Princeton, N.J. : Princeton University Press, c2012.
Format:
Book
xiii, 228 p. : ill. (chiefly col.), col. maps ; 24 cm.
Bibliography:
Includes bibliographical references (p. [223]-224) and index.
Contents:
1. Challenges
Tour of the United States
An impossible task?
One problem at a time
Road map of the book
2. Origins of the problem
Before the mathematicians
Euler and Hamilton
Vienna to Harvard to Princeton
And on to the RAND Corporation
A statistical view
3. The salesman in action
Road trips
Mapping genomes
Aiming telescopes, x-rays, and lasers
Guiding industrial machines
Organizing data
Tests for microprocessors
Scheduling jobs
And more
4. Searching for a tour
The 48-states problem
Growing trees and tours
Alterations while you wait
Borrowing from physics and biology
The DIMACS challenge
Tour champions
5. Linear programming
General-purpose model
The simplex algorithm
Two for the price of one: LP duality
The degree LP relaxation of the TSP
Eliminating subtours
A perfect relaxation
Integer programming
Operations research
6. Cutting planes
The cutting-plane method
A catalog of TSP inequalities
The separation problem
Edmonds's glimpse of heaven
Cutting planes for integer programming
7. Branching
Breaking up
The search party
Branch-and-bound for integer programming
8. Big computing
World records
The TSP on a grand scale
9. Complexity
A model of computation
The campaign of Jack Edmonds
Cook's theorem and Karp's list
State of the TSP
Do we need computers?
10. The human touch
Humans versus computers
Tour-finding strategies
The TSP in neuroscience
Animals solving the TSP
Aesthetics
Julian Lethbridge
Jordan curves
Continuous lines
Art and mathematics
Pushing the limits.
Summary:
"What is the shortest possible route for a traveling salesman seeking to visit each city on a list exactly once and return to his city of origin? It sounds simple enough, yet the traveling salesman problem is one of the most intensely studied puzzles in applied mathematics--and it has defied solution to this day. In this book, William Cook takes readers on a mathematical excursion, picking up the salesman's trail in the 1800s when Irish mathematician W. R. Hamilton first defined the problem, and venturing to the furthest limits of today's state-of-the-art attempts to solve it. Cook examines the origins and history of the salesman problem and explores its many important applications, from genome sequencing and designing computer processors to arranging music and hunting for planets. He looks at how computers stack up against the traveling salesman problem on a grand scale, and discusses how humans, unaided by computers, go about trying to solve the puzzle. Cook traces the salesman problem to the realms of neuroscience, psychology, and art, and he also challenges readers to tackle the problem themselves. The traveling salesman problem is--literally--a $1 million question. That's the prize the Clay Mathematics Institute is offering to anyone who can solve the problem or prove that it can't be done. In Pursuit of the Traveling Salesman travels to the very threshold of our understanding about the nature of complexity, and challenges you yourself to discover the solution to this captivating mathematical problem"--Provided by publisher.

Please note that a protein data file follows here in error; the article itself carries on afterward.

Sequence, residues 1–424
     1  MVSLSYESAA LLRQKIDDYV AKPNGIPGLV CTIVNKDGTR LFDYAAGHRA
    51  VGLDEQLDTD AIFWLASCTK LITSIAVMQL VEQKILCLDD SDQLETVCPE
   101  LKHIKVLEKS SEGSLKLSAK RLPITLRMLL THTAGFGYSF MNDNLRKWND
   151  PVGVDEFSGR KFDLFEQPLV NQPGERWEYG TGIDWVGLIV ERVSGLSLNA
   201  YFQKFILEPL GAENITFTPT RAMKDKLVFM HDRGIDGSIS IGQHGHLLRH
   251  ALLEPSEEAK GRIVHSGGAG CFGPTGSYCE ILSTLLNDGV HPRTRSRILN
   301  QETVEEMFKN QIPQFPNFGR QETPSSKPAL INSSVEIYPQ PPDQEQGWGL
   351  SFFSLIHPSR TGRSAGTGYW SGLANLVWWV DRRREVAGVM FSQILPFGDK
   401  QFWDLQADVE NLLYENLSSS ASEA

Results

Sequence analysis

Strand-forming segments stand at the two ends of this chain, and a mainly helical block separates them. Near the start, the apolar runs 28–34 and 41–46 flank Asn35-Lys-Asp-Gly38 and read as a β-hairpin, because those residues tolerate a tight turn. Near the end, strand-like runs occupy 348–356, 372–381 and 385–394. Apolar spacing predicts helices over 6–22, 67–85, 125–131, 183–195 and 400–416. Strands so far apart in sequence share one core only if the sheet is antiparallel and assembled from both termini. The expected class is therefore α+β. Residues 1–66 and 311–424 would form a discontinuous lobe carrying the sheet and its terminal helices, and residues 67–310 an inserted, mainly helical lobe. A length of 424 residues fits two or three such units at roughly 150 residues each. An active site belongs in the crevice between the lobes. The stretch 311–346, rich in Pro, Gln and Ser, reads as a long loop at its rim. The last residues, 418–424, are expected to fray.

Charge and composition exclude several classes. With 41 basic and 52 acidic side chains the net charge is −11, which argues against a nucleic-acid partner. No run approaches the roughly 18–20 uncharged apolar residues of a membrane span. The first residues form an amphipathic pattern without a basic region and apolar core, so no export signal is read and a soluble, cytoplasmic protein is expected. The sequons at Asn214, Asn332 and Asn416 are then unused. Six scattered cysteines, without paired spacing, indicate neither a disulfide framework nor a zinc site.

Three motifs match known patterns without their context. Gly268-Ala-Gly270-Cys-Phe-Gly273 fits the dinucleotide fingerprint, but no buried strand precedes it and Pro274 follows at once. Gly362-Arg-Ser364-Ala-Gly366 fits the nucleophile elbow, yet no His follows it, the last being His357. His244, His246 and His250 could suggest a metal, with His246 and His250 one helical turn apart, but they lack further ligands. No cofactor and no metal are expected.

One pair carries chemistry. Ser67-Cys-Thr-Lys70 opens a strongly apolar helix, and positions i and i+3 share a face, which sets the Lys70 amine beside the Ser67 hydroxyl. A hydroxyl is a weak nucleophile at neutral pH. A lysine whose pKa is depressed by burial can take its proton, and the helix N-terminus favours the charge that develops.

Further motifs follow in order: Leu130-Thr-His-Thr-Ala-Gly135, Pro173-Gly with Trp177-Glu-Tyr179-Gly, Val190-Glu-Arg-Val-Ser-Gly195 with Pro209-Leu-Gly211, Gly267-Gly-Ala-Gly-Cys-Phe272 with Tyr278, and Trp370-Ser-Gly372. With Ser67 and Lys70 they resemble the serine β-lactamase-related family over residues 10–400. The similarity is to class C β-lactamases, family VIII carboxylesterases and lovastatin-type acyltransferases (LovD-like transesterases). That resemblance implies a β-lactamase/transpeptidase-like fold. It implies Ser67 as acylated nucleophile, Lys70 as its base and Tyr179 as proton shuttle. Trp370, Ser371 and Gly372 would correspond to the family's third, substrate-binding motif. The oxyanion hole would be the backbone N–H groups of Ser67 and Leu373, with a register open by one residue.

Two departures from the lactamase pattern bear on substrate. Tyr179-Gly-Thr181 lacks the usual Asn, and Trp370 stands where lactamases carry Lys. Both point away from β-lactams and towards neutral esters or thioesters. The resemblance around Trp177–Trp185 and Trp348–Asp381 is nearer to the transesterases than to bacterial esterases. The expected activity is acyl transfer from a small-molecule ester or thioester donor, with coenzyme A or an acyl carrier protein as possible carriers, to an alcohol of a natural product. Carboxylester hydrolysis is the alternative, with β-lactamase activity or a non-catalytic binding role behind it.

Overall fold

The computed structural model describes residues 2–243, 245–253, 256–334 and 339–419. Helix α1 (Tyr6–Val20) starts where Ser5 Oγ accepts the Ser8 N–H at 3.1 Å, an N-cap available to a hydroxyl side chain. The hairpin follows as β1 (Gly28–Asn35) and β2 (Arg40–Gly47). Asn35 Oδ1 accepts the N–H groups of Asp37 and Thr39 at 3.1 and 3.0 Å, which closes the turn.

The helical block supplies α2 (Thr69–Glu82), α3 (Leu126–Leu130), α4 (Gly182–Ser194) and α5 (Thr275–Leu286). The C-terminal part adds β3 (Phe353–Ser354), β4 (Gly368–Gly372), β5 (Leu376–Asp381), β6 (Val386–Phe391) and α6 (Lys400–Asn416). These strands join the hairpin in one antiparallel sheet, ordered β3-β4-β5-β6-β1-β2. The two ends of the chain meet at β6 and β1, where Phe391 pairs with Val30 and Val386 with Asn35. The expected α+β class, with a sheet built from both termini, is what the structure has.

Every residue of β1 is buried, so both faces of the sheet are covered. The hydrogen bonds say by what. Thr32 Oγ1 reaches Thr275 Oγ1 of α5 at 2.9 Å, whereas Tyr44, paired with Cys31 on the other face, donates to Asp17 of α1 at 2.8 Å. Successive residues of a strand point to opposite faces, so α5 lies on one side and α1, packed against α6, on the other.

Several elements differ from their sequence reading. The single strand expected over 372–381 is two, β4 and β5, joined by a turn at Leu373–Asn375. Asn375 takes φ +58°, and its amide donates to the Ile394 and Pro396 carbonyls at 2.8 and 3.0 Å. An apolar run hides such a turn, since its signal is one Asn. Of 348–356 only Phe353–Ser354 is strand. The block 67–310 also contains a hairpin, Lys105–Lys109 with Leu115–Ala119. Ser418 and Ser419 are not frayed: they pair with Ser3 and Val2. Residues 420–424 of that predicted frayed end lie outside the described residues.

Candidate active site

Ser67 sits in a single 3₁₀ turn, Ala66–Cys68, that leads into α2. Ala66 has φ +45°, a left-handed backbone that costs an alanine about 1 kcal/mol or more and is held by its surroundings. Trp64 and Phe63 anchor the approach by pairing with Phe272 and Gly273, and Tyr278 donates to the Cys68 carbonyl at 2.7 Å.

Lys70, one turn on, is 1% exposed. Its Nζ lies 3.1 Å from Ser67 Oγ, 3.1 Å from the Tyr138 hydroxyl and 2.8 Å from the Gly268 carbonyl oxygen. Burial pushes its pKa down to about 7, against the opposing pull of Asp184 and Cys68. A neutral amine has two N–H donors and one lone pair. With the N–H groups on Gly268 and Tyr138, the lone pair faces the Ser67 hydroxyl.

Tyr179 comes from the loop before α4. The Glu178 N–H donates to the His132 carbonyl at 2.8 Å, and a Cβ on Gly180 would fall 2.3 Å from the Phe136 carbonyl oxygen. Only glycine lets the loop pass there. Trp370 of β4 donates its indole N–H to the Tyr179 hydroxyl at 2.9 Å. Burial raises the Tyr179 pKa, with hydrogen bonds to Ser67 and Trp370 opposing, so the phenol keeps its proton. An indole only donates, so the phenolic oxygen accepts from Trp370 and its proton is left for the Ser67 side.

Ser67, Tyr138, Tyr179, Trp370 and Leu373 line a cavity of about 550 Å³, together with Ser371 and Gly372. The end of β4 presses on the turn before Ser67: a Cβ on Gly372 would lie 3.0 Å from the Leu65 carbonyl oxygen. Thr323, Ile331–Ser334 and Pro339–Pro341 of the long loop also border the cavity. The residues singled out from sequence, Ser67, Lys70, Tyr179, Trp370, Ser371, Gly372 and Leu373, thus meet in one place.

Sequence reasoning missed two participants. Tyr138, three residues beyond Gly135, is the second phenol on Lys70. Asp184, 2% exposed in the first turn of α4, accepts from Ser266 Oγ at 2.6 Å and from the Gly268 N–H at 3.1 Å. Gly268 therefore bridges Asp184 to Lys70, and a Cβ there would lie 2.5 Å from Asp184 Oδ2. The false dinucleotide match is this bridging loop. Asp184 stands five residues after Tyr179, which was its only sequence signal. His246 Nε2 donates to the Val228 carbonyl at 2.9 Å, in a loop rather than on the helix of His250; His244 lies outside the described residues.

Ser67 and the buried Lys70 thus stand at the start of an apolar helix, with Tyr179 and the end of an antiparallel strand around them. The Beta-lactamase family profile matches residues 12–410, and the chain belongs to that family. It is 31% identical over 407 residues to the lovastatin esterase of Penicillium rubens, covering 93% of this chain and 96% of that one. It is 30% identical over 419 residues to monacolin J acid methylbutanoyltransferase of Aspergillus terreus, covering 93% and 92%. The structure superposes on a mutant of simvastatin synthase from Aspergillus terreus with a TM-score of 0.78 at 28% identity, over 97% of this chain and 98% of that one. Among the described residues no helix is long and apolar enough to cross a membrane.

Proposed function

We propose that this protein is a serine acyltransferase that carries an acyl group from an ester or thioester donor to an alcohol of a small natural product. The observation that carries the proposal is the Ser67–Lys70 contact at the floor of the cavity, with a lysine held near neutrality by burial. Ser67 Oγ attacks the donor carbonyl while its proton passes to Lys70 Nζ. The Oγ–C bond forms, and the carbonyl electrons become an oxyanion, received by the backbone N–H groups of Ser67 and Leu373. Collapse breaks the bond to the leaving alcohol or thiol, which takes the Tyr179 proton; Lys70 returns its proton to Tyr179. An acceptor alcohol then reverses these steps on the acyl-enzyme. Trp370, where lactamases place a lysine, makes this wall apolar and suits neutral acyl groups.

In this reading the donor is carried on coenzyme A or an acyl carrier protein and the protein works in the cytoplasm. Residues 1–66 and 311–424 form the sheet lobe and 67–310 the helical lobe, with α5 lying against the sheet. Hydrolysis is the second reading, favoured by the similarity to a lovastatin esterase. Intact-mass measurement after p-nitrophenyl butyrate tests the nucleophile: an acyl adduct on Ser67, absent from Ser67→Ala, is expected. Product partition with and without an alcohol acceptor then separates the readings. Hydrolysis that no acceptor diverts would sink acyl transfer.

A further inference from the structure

"In Pursuit of the Traveling Salesman covers the history, applications, theory, and computation of the traveling salesman problem right up to state-of-the-art solution machinery"--Provided by publisher.